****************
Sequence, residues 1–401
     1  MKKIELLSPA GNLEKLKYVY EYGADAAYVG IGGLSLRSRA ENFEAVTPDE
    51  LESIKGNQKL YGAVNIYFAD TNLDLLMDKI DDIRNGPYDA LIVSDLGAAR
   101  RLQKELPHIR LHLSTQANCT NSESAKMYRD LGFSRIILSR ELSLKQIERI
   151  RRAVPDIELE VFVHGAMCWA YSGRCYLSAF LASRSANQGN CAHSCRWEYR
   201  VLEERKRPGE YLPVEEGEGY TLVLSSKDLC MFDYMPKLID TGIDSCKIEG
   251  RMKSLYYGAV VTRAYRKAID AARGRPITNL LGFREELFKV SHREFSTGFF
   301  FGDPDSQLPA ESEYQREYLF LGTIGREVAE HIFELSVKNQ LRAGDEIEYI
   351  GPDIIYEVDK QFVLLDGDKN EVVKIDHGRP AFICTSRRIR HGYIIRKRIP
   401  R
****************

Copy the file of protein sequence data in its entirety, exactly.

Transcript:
Sequence, residues 1–401
     1  MKKIELLSPA GNLEKLKYVY EYGADAAYVG IGGLSLRSRA ENFEAVTPDE
    51  LESIKGNQKL YGAVNIYFAD TNLDLLMDKI DDIRNGPYDA LIVSDLGAAR
   101  RLQKELPHIR LHLSTQANCT NSESAKMYRD LGFSRIILSR ELSLKQIERI
   151  RRAVPDIELE VFVHGAMCWA YSGRCYLSAF LASRSANQGN CAHSCRWEYR
   201  VLEERKRPGE YLPVEEGEGY TLVLSSKDLC MFDYMPKLID TGIDSCKIEG
   251  RMKSLYYGAV VTRAYRKAID AARGRPITNL LGFREELFKV SHREFSTGFF
   301  FGDPDSQLPA ESEYQREYLF LGTIGREVAE HIFELSVKNQ LRAGDEIEYI
   351  GPDIIYEVDK QFVLLDGDKN EVVKIDHGRP AFICTSRRIR HGYIIRKRIP
   401  R